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Hardy2
December 27, 2006

To India And Back, A Second Chance At Life


One of the biggest scams in American medicine is hip replacement surgery. In many cases, an alternate, less intrusive procedure yields even better results. Our own Bob Vacca should know — he traveled to India for the surgery. Carey London got the scoop.

Traveling thousands of miles to have surgery performed in a foreign country may sound absurd. Still, lower costs and availability have attracted more and more Americans to go abroad for elective procedures.

Robert Vacca, 55, of Sag Harbor, recently returned from a trip to India, where he had hip resurfacing done on both of his hips. The procedure has not been approved in the States, but Vacca is living proof the surgery works.

He went from nearly wheelchair-bound to reclaiming his athletic nature in a matter of weeks.

Vacca first started manifesting symptoms of bone disease when he was 14 years old. He had always been an athlete, but his brittle bones caused bone chips in various joints. Doctors at the time did not know the cause of the problem, but they treated him through surgery. He underwent six operations in the 1970s.

By the mid-1990s, his hips started to bother him and "they got progressively worse every year," he said. "I was able to compensate until this summer, when my body stopped me from working." Vacca was caddying at the Atlantic Golf Club in Bridgehampton.

Dr. Stephen Petruccelli, a chiropractor at the Sag Harbor Gym, had been working with Vacca before his surgery and is currently helping him rehabilitate.

Dr. Petruccelli learned of hip resurfacing from a patient who had seen a special on "60 Minutes" about how people worldwide are traveling to India for this procedure.

Additional research led the doctor to a New York Times article about Dr. Vijay Bose, of Apollo Hospital in Chennai, India, who is largely regarded as the leading resurfacing specialist in the world.

Dr. Petruccelli e-mailed the doctor, who quickly responded. "I sent him a picture of Bob's X-rays and Dr. Bose said [Vacca] was an excellent candidate for the procedure," the chiropractor recalled.

According to Dr. Bose, Caucasians are predisposed to bone disease. Vacca's condition is genetic but his intense athletic background accelerated the disease. He was drafted by the Milwaukee Bucks, whose star player at the time was Kareem Abdul-Jabbar.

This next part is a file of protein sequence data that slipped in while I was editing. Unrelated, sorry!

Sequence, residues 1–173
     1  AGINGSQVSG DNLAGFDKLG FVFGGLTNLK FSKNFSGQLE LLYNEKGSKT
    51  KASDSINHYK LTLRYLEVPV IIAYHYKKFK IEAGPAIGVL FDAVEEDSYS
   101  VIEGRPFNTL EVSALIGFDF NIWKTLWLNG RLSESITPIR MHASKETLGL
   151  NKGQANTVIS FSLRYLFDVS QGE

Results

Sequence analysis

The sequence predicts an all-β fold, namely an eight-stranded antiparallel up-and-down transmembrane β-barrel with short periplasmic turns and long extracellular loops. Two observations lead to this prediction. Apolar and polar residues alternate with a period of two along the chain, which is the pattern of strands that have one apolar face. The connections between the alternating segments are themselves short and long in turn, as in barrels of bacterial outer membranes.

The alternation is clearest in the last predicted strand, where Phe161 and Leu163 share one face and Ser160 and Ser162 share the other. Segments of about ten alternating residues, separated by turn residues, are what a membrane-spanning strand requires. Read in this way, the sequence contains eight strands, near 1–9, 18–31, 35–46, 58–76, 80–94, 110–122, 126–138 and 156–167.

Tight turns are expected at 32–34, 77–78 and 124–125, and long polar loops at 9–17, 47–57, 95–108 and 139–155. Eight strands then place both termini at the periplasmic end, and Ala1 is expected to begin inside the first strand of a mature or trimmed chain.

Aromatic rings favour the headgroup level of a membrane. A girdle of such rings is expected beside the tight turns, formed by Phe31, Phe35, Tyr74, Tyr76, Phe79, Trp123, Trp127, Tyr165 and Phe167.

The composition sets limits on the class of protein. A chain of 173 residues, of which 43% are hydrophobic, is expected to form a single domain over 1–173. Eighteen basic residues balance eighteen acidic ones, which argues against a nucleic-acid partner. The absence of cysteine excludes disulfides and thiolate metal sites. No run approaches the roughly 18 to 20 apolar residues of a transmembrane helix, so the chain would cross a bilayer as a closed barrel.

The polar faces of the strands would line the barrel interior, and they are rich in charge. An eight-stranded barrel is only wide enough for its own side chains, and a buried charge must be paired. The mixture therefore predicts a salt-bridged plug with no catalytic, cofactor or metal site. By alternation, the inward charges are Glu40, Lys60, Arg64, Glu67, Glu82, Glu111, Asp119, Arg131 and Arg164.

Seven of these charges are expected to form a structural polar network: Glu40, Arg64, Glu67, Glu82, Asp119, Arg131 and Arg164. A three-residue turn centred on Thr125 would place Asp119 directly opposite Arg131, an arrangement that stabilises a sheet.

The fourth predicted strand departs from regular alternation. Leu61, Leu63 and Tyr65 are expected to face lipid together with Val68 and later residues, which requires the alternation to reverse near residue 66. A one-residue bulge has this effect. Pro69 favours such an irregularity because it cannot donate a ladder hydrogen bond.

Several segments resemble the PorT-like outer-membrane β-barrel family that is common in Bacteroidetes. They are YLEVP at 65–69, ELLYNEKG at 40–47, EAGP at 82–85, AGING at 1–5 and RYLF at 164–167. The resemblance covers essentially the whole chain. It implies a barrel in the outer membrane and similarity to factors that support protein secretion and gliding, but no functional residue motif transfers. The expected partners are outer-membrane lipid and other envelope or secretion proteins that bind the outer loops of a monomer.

Doctors say hip resurfacing is suitable for patients between the ages of 17 and 70, because it is less invasive and permits a greater range of post-operative movement.

Bone is not removed, and it does not require revision surgeries. Physical activity, such as sports and exercise, is encouraged shortly after operation.

On the other hand, conventional hip replacement, the standard procedure offered in the U.S., has had a reasonably high success rate among elderly patients over 70 years old. Younger patients usually require revision surgeries because the prosthesis fails rapidly.

Dr. Bose has done around 450 hip resurfacing procedures. He trained with the procedure's creators, Derek Mcminn and Ronan Treacy, in Birmingham, England, in the mid-1990s. He listed three advantages to hip resurfacing over hip replacement.

"The first is that no plastic (polyethylene) is used like in conventional hip replacement. Since an anatomical sized 'metal on metal' bearing is used, it lasts for a very long time . . . The anatomy and biomechanics after resurfacing mimic a normal hip very closely," he said.

A metal cap is fitted over the end of the thighbone, which is fitted into a metal socket in the hip.

The second advantage is that patients are urged to be physically active after the surgery, he continued. Regular activities such as sitting on the floor or crossing one's legs are also encouraged, whereas after hip replacement, the patient must restrict movement to prevent dislocation and "prolong the life of a prosthesis."

Another benefit of resurfacing is that bone stock is improved because no bone is taken, unlike in hip replacement, where the head and the neck of the thighbone are removed, said Dr. Bose. "It has been proven that bone stock actually increases after hip resurfacing due to the restoration of normal biomechanics in the hip and proximal femur."

Lastly, it is believed that bone improves over time after hip resurfacing because "the polyethylene 'wear particles' do not damage the surrounding bone like in conventional hip replacement," he said.

Hip resurfacing takes less than two hours and patients can resume strenuous physical activity in about three to six weeks.

Hip degeneration has several causes but the predominant one is genetics. Vacca, though "typical" in terms of his genetic predisposition, was a more unusual case because he had problems in both hips. About 30% of patients have degeneration in both hips.

While the procedure has been embraced in India, Australia, Europe, and some parts of Asia, it is still awaiting approval by the Food and Drug Administration in the United States, "which can take years and years and years," Dr. Petruccelli said. "I think a lot of it is that the doctors in this country are resistant to change."

But while the FDA continues to study the procedure, Americans are going overseas to get it done.

Out of about 200 hip resurfacing procedures Dr. Bose will do this year, he estimated that 50 of those patients are Americans. In fact, so many people from

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